The James Webb Space Telescope Could Answer the Unknown


The James Webb Space Telescope could change how we learn about our universe forever. Photo courtesy of NASA

Michael Arnwine, Online Staff Writer

For millennia, the secrets of the universe have been kept from us due to our lack of technology. Questions such as the existence of dark matter, origins of the universe, among others things have kept scientists on the drawing board for years. Fortunately, the James Webb Space Telescope (JWST) may play a key component in providing these answers. 

On December 25, 2021, the JWST was launched into orbit from Europe’s Spaceport in French Guiana. Using infrared light, the JWST can see celestial bodies up to 13.6 billion light years from Earth. Infrared light, which is radiated from heat, cannot be seen by the naked eye, and will be used to track light that is extremely far away from us. To achieve this, the telescope must be kept away from any major heat source, or it runs the risk of blinding itself. A tennis court sized sun shield is attached to the telescope, in order to keep the sun’s light and heat from reaching its lenses. The telescope will orbit 1.5 million kilometers away from Earth, taking around 1 month to reach this orbit. This distance is far beyond human reach, meaning if it damages or breaks on the journey, there is no way to repair it. As such, NASA plans to have the telescope operational for only 10 years, in which time it may provide some answers to the origins and nature of our universe. Sophomore Jamie Creasi commented  “This is a huge advancement for both the science and technology fields. Even if the telescope doesn’t work, we can still learn from the telescope’s mistakes, and apply them to any future projects.” Sophomore Amelia Sentveld adds on “The telescope could be used to search for life and see the coagulated dust that would eventually form the universe.” Sentveld continued, “However, we must acknowledge that we may end up empty-handed.”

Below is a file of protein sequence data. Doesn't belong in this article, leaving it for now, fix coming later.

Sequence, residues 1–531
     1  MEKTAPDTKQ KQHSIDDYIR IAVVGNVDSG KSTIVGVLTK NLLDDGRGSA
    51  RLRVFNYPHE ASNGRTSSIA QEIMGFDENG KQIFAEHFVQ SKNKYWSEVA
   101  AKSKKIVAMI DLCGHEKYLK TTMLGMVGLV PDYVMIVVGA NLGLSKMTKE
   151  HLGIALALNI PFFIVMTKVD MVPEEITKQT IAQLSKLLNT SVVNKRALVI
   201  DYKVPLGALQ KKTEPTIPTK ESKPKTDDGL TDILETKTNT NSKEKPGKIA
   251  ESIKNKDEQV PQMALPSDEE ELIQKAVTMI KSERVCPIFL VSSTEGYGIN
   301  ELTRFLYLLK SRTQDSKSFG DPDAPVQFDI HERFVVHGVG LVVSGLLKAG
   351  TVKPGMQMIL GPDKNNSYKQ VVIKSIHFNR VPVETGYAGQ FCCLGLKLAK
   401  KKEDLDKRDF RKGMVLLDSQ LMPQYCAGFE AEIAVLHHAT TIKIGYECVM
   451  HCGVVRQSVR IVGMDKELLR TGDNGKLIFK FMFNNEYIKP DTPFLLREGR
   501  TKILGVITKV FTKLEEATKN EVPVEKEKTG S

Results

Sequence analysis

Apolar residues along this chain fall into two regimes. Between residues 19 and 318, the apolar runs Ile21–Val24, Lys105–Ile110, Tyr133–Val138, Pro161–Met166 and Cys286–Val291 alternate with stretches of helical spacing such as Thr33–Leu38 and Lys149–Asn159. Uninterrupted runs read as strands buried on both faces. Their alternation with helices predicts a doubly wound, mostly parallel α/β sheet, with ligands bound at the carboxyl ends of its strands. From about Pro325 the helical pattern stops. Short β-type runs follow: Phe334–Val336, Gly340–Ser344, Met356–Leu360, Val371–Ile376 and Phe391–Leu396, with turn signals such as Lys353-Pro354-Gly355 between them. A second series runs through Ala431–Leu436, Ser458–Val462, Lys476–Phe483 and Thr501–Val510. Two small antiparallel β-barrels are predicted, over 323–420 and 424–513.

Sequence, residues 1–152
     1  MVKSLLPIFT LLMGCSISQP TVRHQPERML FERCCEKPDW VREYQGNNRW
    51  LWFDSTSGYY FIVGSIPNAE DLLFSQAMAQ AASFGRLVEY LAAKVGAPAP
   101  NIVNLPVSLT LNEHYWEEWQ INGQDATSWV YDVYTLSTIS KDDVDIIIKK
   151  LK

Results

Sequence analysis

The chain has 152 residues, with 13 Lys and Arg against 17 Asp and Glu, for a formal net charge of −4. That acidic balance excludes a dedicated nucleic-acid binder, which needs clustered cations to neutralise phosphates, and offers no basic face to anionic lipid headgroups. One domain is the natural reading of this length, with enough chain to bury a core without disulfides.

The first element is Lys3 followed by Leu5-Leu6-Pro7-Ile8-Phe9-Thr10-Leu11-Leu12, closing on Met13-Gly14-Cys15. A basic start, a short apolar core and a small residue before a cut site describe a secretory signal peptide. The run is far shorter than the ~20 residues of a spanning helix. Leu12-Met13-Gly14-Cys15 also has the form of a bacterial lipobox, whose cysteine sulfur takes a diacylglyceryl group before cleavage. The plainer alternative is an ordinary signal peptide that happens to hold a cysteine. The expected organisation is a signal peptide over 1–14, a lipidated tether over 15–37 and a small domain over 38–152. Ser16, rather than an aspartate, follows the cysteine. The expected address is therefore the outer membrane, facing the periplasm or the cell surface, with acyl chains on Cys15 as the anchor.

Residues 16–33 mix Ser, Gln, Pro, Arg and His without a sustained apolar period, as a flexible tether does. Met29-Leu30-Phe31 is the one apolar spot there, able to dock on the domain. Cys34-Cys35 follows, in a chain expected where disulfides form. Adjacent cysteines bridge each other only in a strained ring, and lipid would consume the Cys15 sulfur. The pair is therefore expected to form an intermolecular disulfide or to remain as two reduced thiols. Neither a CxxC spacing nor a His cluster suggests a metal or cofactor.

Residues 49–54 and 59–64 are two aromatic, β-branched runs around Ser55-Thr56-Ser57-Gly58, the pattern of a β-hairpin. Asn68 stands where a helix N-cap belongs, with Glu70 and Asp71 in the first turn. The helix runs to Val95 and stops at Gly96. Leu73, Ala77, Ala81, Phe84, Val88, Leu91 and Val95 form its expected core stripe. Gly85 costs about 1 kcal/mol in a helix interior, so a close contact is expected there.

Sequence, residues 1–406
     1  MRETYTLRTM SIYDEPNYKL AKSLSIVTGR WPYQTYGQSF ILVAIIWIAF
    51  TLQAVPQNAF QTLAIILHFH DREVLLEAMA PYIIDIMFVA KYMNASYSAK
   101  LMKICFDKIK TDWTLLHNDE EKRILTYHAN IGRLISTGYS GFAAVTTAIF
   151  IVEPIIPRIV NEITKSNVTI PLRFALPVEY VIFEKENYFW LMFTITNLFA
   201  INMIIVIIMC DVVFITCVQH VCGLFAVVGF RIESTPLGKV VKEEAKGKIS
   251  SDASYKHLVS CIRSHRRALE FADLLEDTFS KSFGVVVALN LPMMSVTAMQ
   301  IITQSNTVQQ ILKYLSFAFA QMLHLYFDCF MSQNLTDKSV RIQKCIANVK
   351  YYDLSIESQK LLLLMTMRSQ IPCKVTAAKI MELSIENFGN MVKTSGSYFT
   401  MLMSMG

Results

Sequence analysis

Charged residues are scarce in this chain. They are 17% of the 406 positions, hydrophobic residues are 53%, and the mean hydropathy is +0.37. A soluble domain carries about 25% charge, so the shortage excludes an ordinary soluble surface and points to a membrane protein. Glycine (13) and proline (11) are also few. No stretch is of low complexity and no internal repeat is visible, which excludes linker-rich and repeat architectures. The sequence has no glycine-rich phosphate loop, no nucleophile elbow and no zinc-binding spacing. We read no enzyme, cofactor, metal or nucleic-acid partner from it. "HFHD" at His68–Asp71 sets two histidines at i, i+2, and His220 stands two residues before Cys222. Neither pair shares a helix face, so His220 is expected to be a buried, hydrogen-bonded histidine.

In all, NASA’s main goals are to examine the celestial objects that first formed after the Big Bang, learn more about how galaxies form and change, discover evidence on dark matter, and study the atmospheres of distant exoplanets. If the JWST does provide answers to the previously stated questions, it could completely overhaul how we approach space travel, as well as our theories on how the universe formed. The telescope findings could further drive PDS students’ curiosity concerning matters on the universe, or spark a new interest that they were not even aware of. Whether this telescope fails or succeeds, it will be remembered as a revolutionary piece of equipment.